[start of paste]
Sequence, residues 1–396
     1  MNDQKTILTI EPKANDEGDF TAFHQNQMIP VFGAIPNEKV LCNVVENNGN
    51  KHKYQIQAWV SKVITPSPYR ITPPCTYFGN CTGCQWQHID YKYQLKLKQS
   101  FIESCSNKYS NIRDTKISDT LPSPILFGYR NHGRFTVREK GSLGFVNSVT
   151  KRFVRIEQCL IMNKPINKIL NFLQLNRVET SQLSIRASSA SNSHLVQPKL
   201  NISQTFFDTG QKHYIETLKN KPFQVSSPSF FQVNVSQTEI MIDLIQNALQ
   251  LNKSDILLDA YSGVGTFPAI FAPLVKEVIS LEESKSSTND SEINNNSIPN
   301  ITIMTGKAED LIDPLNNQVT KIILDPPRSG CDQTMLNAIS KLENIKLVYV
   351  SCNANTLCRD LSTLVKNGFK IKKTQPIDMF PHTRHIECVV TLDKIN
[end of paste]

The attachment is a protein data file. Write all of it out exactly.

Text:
Sequence, residues 1–396
     1  MNDQKTILTI EPKANDEGDF TAFHQNQMIP VFGAIPNEKV LCNVVENNGN
    51  KHKYQIQAWV SKVITPSPYR ITPPCTYFGN CTGCQWQHID YKYQLKLKQS
   101  FIESCSNKYS NIRDTKISDT LPSPILFGYR NHGRFTVREK GSLGFVNSVT
   151  KRFVRIEQCL IMNKPINKIL NFLQLNRVET SQLSIRASSA SNSHLVQPKL
   201  NISQTFFDTG QKHYIETLKN KPFQVSSPSF FQVNVSQTEI MIDLIQNALQ
   251  LNKSDILLDA YSGVGTFPAI FAPLVKEVIS LEESKSSTND SEINNNSIPN
   301  ITIMTGKAED LIDPLNNQVT KIILDPPRSG CDQTMLNAIS KLENIKLVYV
   351  SCNANTLCRD LSTLVKNGFK IKKTQPIDMF PHTRHIECVV TLDKIN